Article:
Can my accountant report me to HMRC?
Qualified accountants are bound by a code of ethics that obliges them to act if they believe a client is doing something dishonest, illegal, or dishonourable, and they can be disciplined by their professional body if they fail to do so.
Your accountant is required to report you to HMRC in a number of instances. Being reported will trigger an investigation into your tax affairs, and can result in action being taken against you if the reported behaviour is proven.
Before we identify the circumstances in which your accountant might feel it necessary to report you to the tax authorities, and the potential consequences, let’s look a little further at professional accounting ethics and codes of conduct.
Professional ethics for accountants
Professional ethics cover areas such as integrity, professional competence, objectivity, and professional behaviour, and accountants can face disciplinary action if they fail to meet the requirements of the association to which they’re affiliated.
Essentially, their duty is not only to their client – they must also act in the public interest where necessary. Putting in place safeguards within their practice and reporting potential tax evasion or tax fraud, or other suspicious behaviour by a client, is therefore mandatory.
When might your accountant report you to HMRC?
Tax evasion and money laundering are both major concerns for HMRC, and if your accountant has suspicions that such activities might be taking place, they’re obliged to report their concerns to HMRC.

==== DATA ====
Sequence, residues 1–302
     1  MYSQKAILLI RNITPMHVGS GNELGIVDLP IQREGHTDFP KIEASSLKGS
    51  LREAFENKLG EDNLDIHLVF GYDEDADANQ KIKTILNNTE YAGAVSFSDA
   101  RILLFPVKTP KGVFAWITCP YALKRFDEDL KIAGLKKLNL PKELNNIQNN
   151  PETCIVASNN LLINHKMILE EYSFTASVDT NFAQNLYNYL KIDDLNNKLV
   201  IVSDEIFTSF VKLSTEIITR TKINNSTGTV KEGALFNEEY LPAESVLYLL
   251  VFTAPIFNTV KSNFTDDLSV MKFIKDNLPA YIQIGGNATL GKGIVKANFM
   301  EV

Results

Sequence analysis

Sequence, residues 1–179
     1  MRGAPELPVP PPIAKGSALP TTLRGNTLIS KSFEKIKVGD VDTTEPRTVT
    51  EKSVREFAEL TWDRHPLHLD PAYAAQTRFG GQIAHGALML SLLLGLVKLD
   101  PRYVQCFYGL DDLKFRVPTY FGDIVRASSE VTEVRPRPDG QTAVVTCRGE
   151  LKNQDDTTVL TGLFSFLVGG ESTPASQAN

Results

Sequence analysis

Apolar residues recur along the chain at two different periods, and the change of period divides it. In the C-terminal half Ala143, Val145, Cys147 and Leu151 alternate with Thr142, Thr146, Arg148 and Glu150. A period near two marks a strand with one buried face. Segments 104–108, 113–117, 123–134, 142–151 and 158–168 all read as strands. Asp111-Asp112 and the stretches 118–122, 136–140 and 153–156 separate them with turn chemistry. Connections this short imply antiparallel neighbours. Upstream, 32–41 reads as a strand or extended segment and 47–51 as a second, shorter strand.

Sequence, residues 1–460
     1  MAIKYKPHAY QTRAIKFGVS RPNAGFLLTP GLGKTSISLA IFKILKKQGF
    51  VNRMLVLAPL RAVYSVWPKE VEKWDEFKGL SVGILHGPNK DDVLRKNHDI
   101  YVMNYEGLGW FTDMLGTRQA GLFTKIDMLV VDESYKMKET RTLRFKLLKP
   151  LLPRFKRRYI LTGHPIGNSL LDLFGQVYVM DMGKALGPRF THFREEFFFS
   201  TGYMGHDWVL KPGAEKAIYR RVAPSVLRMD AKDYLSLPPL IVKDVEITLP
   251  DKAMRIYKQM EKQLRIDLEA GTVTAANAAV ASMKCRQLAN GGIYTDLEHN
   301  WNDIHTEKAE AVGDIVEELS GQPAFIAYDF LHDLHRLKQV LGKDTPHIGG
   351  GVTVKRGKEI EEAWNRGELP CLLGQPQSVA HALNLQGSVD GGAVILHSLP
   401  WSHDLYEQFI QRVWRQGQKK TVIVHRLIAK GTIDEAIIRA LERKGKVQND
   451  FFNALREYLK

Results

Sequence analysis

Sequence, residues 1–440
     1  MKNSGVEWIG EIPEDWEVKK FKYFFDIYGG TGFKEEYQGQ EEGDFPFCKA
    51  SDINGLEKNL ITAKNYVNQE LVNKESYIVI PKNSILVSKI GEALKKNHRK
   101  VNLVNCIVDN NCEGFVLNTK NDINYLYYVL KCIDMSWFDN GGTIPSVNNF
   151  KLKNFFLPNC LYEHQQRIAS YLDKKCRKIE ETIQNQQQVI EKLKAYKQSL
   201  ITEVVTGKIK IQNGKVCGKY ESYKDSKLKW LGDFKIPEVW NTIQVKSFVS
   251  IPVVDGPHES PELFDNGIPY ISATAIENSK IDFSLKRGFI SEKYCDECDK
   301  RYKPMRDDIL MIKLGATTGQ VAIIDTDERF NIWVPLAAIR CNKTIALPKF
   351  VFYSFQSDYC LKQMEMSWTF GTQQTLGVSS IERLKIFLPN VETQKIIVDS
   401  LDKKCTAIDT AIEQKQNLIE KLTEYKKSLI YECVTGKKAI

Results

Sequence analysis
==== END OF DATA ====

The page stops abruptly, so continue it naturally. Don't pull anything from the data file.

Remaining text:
Given the nature of their work, accountants are well placed to spot potential fraudulent activity, money laundering, and tax evasion, perhaps through dubious transactions or large cash payments that don’t ‘make sense.’
If they suspect illegal activity, they’ll send a Suspicious Activity Report online to the National Crime Agency (NCA). Although tax avoidance isn’t necessarily illegal, tax evasion must be reported if your accountant has suspicions.
Tax evasion can include such actions as:
- Not reporting your full earnings
- Using cash, and not providing receipts, to evade tax
- Hiding funds or other assets offshore
- Failing to register for VAT when required
- Not charging VAT when needed
Not always reported by an accountant
HMRC’s increasing use of production orders means that accountants can be forced to provide information on a client even when they had no intention or known reason for proactively reporting them.
As an example, in recent years HMRC’s Criminal Investigation Directorate has been investigating purported tax evasion, targeting certain tax planning arrangements intended to reduce a taxpayer’s liability. These include employee benefit trusts (EBTs) and disguised remuneration loans.
On receipt of a production order an accountant is legally obliged to provide the information requested, otherwise they may face sanctions themselves.
What happens when you’ve been reported to HMRC?
HMRC will instigate an investigation into your tax affairs to establish what has happened - you should receive a letter stating their intentions and the initial scope of the investigation. The scope of tax investigations can be extended, however, depending on information provided, and in some cases they can last for a year or more.
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